Some students have utilized the mayoral digitalization files for theses, papers, and additional projects. Nicholas Alexiades, for example, examined how Mayor DeStefano addressed public school education and school construction for his honors thesis (opens in new tab). Within the mayor’s digitized files were various proposals, reports, and budgets that helped the student’s project. The papers have also been used by Yale University students in DeStefano’s urban politics courses. 

It’s one thing for students to read secondary sources such as monographs and journal articles, but it’s quite another to view primary sources at a mayoral repository through a public university library with digitized items. 

Connecting with Digitized Primary Sources 

  • Center class discussions around archived material and assigned books 
  • Coordinate projects among faculty, librarians, archivists, and administrators
  • Highlight items and events with area media and community leaders  
  • Hold public exhibits, lectures, and discussions on themed projects 

Beyond research, a couple of history faculty and I coordinated class discussions around the library’s digitalization of DeStefano’s documents. Professors Jason Smith and Stephen Amerman’s upper and lower level classes allowed students to directly engage in researching digitized material. 

Sharing With the Public 

Once much of these mayoral items were collected and digitized, Crowley and library interns helped organize a public exhibit highlighting mayoral administrations as well as archived material. “Righting Urban Renewal: Four Mayors Grapple with the Legacy of Urban Renewal in New Haven” (opens in new tab) is featured at SCSU’s Lyman Performing Arts Center. The exhibit opening (opens in new tab) received local media attention (opens in new tab) as the event brought together students, former mayors, and their staff. In addition, SCSU Arts and Sciences Dean Bruce Kalk organized and moderated an on campus and online discussion panel with librarians and professors utilizing the mayoral papers collection.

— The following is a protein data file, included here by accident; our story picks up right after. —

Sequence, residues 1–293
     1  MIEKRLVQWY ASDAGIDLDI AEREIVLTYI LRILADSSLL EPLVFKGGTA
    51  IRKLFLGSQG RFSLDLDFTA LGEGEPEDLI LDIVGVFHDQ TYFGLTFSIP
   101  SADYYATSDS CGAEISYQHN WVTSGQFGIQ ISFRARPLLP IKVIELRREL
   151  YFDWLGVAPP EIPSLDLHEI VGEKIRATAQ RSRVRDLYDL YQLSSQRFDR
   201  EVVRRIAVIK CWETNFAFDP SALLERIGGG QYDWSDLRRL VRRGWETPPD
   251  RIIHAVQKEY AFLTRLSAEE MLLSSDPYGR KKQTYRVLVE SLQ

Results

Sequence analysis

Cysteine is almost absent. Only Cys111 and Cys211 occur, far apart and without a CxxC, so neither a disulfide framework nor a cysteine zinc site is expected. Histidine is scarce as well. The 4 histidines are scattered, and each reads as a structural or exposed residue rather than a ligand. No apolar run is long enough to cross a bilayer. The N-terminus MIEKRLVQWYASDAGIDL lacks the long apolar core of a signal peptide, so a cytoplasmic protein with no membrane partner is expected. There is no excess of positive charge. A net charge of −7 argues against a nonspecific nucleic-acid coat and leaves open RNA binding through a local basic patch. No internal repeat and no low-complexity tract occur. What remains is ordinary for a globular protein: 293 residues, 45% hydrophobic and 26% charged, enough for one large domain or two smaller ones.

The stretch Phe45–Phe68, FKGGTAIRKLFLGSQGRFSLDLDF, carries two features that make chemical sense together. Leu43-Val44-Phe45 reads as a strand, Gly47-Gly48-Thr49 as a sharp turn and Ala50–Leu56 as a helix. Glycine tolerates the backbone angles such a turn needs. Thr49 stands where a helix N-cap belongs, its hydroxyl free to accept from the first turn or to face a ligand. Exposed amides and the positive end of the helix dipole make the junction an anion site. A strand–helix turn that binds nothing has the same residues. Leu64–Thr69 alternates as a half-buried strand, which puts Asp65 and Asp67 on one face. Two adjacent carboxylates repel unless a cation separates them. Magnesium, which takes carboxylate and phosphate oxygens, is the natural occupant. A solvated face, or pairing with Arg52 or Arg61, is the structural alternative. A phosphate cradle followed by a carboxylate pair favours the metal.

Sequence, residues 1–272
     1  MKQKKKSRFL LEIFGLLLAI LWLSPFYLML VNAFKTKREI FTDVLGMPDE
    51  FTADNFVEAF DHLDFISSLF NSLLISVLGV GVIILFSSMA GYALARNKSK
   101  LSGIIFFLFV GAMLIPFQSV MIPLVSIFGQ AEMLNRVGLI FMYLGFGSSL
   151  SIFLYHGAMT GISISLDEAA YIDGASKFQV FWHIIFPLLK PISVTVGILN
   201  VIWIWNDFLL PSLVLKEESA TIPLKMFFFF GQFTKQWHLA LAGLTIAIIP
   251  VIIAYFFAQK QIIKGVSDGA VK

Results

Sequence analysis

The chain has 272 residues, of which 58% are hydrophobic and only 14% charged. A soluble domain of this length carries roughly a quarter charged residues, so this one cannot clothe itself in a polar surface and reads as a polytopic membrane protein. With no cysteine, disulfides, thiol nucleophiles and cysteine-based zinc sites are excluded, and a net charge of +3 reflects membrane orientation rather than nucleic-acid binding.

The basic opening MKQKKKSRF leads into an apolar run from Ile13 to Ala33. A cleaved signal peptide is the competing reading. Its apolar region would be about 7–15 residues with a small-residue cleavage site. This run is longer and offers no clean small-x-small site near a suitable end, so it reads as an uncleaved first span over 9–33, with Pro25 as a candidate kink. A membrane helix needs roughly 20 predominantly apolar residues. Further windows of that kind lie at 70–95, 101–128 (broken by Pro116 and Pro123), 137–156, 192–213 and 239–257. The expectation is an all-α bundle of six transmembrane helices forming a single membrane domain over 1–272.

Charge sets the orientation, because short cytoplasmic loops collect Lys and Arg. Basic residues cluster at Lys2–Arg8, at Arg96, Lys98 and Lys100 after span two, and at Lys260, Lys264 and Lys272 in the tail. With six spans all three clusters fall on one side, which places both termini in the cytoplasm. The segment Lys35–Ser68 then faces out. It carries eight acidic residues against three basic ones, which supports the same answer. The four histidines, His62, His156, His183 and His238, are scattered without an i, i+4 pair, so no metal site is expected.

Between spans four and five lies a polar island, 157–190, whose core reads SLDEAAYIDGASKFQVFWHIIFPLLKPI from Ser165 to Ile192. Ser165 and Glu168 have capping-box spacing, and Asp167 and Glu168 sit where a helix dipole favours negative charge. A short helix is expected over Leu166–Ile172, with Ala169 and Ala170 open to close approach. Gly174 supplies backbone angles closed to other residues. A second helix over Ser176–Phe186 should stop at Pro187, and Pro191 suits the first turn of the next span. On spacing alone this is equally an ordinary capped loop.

As a researcher, I have helped coordinate various sources with librarians as well as started several academic projects. One recent article I co-wrote with journalism Professor Jodie Gil, “Researching SCSU’s Hilton C. Buley Library’s New Haven Mayoral Archives,” was recently featured in Connecticut History Review. This past spring we also presented our paper on DeStefano’s newspaper collection to the New England Political Science Association conference. 

Looking Back/Forward 

We look to create so many more potential projects to come from Buley Library’s mayoral collection. Economic development, education and public safety areas are just the beginning of policy topics to examine. As the librarians continue their digitization process, there are future exhibits and lectures to consider, including formal openings of these mayoral administration’s collections. To work with librarians and faculty across various academic departments has sparked countless ideas, and I have cherished this interdisciplinary experience.  

Archived material can be insightful, but having primary sources available for the public and digitized is especially impactful. Engaging with these sources online allows for so many to ultimately be a part of the researching and learning process. 

Jonathan L. Wharton, Ph.D. is the School of Graduate and Professional Studies Associate Dean and teaches political science at Southern Connecticut State University in New Haven. He is also a frequent contributor on WNPR and CT News Junkie columnist.